Before an Appeal or Grievance is filed, the HMO must have made a decision regarding the outcome of a claim for a service already provided or predetermination to provide coverage for a service you are expecting to receive. Sometimes it is tricky to determine whether an HMO has actually denied coverage. For instance, as part of the claims process, the HMO has a right to investigate to see if you have other insurance coverage that may be liable for the claim; often, the HMO will pend (or hold) the claim for payment until such research is determined. By failure to respond to some of these requests, the HMO may be able to reject your claim. Thus, it is important to read your policy and coverage documents carefully.
How will I know that my HMO denied my claim?
Once a decision has been made by the HMO to deny payment or coverage, you will receive an Evidence of Benefits (EOB) statement (for claims payments) or letter (for predetermination of coverage) which will explain why the payment or coverage is being denied. Along with the EOB or denial for coverage, the HMO is required to provide you with your Appeal Rights. If you believe the claim was wrongfully denied, you should document your Appeal and send it to the HMO immediately (there are deadlines for filing an Appeal).
How do I increase my chances of getting my denial overturned?
(1) Include as many facts as possible along with back up documentation; (2) Explain why the claim/coverage is medically necessary (use the words "medically necessary"), and have your physician document in your medical records that the procedure is being done or was done because it was medically necessary; (3) Quote language directly from your policy and coverage documents that indicate that the payment and/or service is covered (you can even copy the appropriate page(s) from your policy booklets and attach them to your Appeal; (4) State that you will pursue further action including filing a complaint with the Department of Insurance (in most states, this is the name of the governmental entity that regulates HMOs).
What else should I do once I have prepared my Appeal?
(1) Make copies of your Appeal for yourself before mailing or faxing in the original; (2) Follow up with a phone call to ensure the HMO received your Appeal (and document the date and time you called, and who you spoke with that confirmed receipt); (3) Contact the physician or hospital for which the claim is for and let them know you have filed an Appeal so they prevent your claim from proceeding to collections.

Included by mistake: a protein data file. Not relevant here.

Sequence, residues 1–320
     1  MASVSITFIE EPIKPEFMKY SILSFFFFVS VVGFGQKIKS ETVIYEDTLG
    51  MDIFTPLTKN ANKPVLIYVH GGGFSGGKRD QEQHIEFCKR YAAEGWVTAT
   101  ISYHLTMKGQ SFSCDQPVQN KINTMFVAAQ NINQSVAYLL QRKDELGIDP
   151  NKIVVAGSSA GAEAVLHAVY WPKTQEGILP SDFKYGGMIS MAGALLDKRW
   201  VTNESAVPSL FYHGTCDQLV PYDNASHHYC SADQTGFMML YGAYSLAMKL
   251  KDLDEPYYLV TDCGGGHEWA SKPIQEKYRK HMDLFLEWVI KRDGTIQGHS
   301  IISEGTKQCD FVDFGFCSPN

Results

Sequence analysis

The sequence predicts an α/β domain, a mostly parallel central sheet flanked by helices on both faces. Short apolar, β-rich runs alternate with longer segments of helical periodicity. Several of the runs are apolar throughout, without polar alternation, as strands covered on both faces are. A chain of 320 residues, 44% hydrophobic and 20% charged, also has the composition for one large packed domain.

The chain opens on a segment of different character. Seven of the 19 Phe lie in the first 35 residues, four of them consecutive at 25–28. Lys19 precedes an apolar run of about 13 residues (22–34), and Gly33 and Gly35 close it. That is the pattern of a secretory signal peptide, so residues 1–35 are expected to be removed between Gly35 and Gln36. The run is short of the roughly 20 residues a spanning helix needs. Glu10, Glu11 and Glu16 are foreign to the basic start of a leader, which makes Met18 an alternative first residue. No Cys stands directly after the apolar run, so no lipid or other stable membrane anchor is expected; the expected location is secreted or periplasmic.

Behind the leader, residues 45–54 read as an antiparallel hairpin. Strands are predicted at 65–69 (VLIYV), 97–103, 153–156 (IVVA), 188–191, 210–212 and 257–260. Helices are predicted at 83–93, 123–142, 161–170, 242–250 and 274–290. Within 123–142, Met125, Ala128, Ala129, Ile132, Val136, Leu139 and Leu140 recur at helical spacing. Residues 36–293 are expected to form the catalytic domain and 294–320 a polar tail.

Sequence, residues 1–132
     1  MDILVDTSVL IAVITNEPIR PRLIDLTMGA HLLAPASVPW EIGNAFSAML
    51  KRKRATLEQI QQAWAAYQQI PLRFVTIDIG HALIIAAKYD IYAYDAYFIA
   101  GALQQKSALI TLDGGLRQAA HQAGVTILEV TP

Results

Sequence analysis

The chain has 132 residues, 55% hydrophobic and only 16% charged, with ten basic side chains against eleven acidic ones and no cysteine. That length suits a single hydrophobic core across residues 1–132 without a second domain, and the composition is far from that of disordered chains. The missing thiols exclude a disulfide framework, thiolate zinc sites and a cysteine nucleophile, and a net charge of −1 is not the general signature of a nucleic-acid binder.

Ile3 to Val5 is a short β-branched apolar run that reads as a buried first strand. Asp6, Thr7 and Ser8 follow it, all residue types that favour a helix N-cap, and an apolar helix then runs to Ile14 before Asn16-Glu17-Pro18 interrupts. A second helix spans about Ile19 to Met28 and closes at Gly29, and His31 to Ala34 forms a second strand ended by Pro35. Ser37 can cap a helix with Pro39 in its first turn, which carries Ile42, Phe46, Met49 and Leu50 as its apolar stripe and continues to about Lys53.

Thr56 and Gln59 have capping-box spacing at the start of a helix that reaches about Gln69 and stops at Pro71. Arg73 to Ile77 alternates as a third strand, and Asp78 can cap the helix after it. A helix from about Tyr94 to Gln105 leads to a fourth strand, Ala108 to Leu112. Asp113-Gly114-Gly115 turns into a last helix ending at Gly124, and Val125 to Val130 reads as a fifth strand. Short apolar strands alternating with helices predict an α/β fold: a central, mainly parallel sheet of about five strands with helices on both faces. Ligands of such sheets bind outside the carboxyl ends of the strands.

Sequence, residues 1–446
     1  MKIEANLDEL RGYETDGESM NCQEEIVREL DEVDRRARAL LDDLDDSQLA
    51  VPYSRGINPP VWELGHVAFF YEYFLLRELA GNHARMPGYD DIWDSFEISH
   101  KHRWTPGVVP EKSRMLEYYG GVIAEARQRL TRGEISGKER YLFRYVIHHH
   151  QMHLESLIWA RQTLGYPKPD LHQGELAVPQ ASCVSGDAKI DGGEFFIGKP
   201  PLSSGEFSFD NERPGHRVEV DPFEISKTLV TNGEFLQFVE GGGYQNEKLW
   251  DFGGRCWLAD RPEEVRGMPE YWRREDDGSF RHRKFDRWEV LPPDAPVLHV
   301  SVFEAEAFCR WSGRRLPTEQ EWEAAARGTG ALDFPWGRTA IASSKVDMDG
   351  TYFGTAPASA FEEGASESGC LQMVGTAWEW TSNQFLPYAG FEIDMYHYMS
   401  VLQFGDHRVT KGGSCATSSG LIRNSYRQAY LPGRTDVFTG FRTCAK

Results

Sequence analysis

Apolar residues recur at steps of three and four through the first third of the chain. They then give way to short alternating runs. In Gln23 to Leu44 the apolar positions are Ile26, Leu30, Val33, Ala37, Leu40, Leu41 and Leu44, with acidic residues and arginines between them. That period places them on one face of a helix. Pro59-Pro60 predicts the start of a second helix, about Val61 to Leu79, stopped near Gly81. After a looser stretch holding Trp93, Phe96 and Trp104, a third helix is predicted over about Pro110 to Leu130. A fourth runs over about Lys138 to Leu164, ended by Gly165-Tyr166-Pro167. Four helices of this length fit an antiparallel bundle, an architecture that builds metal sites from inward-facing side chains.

What happens when the HMO receives my Appeal?
Once an Appeal is received, you should receive a letter from the HMO stating that the Appeal has been received and is being reviewed. The HMO is entitled to render a decision within a certain timeframe, which is governed by Federal and State Laws (depending on the type of insurance, i.e. Medicare policies are governed by Federal Regulations). In some circumstances you have the right to an Expedited Appeal but often you must proactively request one. Although verbal Appeals are allowed in many circumstances, you should always put your Appeal in writing (even if it is a follow up to a verbal Appeal). This way you will have documentation should you need it in the future. Once a decision has been made, you will receive another letter from the HMO indicating the decision along with rights to further Appeal in the event you are still denied payment / coverage. If the Appeal is denied, you can request a second level Appeal, and depending on the situation can request a third level Appeal.
Who reviews my Appeal(s)?
First level Appeals are generally done by HMO staff (usually nurses) under the direction of a Medical Director, also employed by the HMO. Second level Appeals are typically reviewed by a Medical Director or multiple Medical Directors employed by the HMO. Third level Appeals and some second level Appeals are typically reviewed by medical professionals at an external entity not owned by the HMO.
So, what happens if my claim is still denied?
Once you exhausted your Appeal Rights and are still denied payment or coverage, you can seek legal action. At this point, I would strongly recommend you consult a health care attorney in your local area if you haven't already. A good health care attorney will be able to present you with your options.
However, remember that not everything is covered under your policy. Keep in mind that HMO's provide insurance for payment of health services covered under your policy. Although your health is much more important than your car, your health insurance works very similar to your car insurance, or any other insurance for that matter. All insurance policies have limitations and exclusions. Health insurance is no different; thus, it is important for you to read and understand what your particular policy covers and what it does not.
Additional resources provided by the author
Should you have additional questions regarding health care denials, please feel free to contact Douglas R. Coenson, Esq. via email at